On the other hand, a product failure, data leak, or poor management can cause investors to sell their shares. Depending on the scale of the company, its excellent or bad performance may have an impact on the bigger market.

Understanding market volatility

Stock Market Volatility | VI

The stock market’s volatility would require any smart investor to regularly reassess your asset portfolio.

Sharp declines may be used to buy more stocks and position yourself for future profits. Stocks that drop from recent highs will trade at a discount for some time before their share price rises again, and if their fundamentals are good, investors can profit.

When the market goes up, we could take some profits. Remember that share prices will only remain high for a certain time before coming back down. By taking profits on our positions and reinvesting our profits the next time there is a market crash, we can slowly grow our portfolio despite the volatility.

By doing these few steps, you are ready for either bull or bear markets and can stand to profit when either one happens.

So here’s how to reduce risks

In a volatile market, there are many methods for reducing risk. Diversifying your portfolio by investing in a variety of stocks is always a good idea.

It's never a smart idea to put all your money into a single investment. Yes, if the stock does well, you may make a lot of money, but anything can happen in such a volatile market. Slow, steady growth is usually better than rapid, unpredictable growth.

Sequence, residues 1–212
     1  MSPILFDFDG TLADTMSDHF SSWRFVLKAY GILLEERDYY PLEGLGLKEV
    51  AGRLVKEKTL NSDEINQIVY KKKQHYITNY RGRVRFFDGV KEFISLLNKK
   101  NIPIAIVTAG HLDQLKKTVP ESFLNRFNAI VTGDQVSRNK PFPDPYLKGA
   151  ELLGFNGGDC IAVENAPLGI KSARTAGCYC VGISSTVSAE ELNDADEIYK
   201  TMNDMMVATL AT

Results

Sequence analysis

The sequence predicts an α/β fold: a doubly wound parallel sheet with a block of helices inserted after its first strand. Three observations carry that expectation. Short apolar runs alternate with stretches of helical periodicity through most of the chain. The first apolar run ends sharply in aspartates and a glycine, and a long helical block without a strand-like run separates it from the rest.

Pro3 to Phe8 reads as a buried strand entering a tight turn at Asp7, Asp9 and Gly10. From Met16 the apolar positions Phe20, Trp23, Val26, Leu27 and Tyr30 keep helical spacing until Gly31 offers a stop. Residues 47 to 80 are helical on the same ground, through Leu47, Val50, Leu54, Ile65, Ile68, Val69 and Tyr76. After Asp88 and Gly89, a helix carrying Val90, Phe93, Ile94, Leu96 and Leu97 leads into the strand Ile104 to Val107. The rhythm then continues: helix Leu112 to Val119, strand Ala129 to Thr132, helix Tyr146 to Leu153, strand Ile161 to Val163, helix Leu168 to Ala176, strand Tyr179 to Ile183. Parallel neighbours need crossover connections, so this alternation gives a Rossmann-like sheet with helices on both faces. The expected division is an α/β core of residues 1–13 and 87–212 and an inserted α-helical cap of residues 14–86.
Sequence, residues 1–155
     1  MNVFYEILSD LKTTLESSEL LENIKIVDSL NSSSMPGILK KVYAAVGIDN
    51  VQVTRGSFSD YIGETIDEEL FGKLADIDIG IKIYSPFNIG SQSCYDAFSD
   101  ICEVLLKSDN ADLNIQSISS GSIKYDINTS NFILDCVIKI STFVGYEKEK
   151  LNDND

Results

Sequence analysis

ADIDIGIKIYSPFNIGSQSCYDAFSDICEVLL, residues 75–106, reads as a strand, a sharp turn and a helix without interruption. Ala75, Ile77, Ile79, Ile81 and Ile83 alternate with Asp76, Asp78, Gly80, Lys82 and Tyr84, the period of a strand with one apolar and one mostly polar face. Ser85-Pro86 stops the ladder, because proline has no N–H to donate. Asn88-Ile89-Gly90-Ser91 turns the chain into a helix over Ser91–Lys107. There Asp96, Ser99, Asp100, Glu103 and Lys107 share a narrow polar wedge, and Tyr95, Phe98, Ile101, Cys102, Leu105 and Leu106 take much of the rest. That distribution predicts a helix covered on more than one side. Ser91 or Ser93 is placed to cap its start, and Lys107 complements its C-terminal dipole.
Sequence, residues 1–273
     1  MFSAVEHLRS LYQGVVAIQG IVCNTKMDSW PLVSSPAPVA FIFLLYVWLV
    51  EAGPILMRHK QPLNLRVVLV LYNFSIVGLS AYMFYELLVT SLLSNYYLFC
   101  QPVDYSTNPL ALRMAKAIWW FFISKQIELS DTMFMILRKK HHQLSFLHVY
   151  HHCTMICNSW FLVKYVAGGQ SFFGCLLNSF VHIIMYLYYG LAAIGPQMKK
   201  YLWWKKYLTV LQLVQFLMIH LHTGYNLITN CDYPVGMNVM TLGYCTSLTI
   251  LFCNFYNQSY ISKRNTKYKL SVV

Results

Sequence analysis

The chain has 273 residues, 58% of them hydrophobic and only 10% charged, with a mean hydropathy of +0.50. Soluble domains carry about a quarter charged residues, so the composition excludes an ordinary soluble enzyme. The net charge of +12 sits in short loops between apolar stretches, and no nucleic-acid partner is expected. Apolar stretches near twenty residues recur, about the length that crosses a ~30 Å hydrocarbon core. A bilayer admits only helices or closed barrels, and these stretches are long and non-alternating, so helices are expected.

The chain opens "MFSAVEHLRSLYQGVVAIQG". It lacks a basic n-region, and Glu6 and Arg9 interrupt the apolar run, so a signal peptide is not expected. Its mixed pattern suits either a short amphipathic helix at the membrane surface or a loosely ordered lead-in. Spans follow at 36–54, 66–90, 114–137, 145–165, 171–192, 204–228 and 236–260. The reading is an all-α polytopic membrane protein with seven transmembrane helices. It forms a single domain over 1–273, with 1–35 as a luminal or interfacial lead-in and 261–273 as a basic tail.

Below are methods that you can use to further protect yourself from the stock market volatility:

1. Practise diversification

As we have stated, diversification is the most important way to reduce risk. Over time, a well-diversified portfolio with a diverse mix of stocks will likely be less volatile than a portfolio with only a few similar items.

Likewise, losses in one area of a well-diversified portfolio are usually offset by gains in other areas.

Stocks of different sectors, for example, frequently move in opposite directions. In a one-stock-only portfolio, on the other hand, both losses and profits might have a greater impact.

2. Never time the market

Stock Market Volatility | VI

We can never predict which direction the market will go. Therefore, when we time our trades on when to buy and sell, we would be wrong most of the time.

At VI College, we always emphasise that “time IN the market” is always better than “timing the market.”

3. Practise dollar-cost averaging